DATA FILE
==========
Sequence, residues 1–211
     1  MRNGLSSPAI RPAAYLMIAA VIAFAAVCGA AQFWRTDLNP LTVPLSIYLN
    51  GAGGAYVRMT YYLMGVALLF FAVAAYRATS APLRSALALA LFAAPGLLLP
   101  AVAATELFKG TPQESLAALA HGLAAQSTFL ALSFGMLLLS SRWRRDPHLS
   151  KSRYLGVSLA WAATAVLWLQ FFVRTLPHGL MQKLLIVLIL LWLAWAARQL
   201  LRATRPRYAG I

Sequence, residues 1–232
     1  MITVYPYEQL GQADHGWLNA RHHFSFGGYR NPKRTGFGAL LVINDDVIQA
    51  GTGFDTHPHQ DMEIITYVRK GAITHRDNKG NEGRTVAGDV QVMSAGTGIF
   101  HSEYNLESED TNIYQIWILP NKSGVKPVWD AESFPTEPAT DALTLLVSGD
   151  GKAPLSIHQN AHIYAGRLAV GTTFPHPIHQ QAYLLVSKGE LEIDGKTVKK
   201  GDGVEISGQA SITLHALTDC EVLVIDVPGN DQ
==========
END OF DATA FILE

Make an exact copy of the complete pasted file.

Sequence, residues 1–211
     1  MRNGLSSPAI RPAAYLMIAA VIAFAAVCGA AQFWRTDLNP LTVPLSIYLN
    51  GAGGAYVRMT YYLMGVALLF FAVAAYRATS APLRSALALA LFAAPGLLLP
   101  AVAATELFKG TPQESLAALA HGLAAQSTFL ALSFGMLLLS SRWRRDPHLS
   151  KSRYLGVSLA WAATAVLWLQ FFVRTLPHGL MQKLLIVLIL LWLAWAARQL
   201  LRATRPRYAG I

Sequence, residues 1–232
     1  MITVYPYEQL GQADHGWLNA RHHFSFGGYR NPKRTGFGAL LVINDDVIQA
    51  GTGFDTHPHQ DMEIITYVRK GAITHRDNKG NEGRTVAGDV QVMSAGTGIF
   101  HSEYNLESED TNIYQIWILP NKSGVKPVWD AESFPTEPAT DALTLLVSGD
   151  GKAPLSIHQN AHIYAGRLAV GTTFPHPIHQ QAYLLVSKGE LEIDGKTVKK
   201  GDGVEISGQA SITLHALTDC EVLVIDVPGN DQ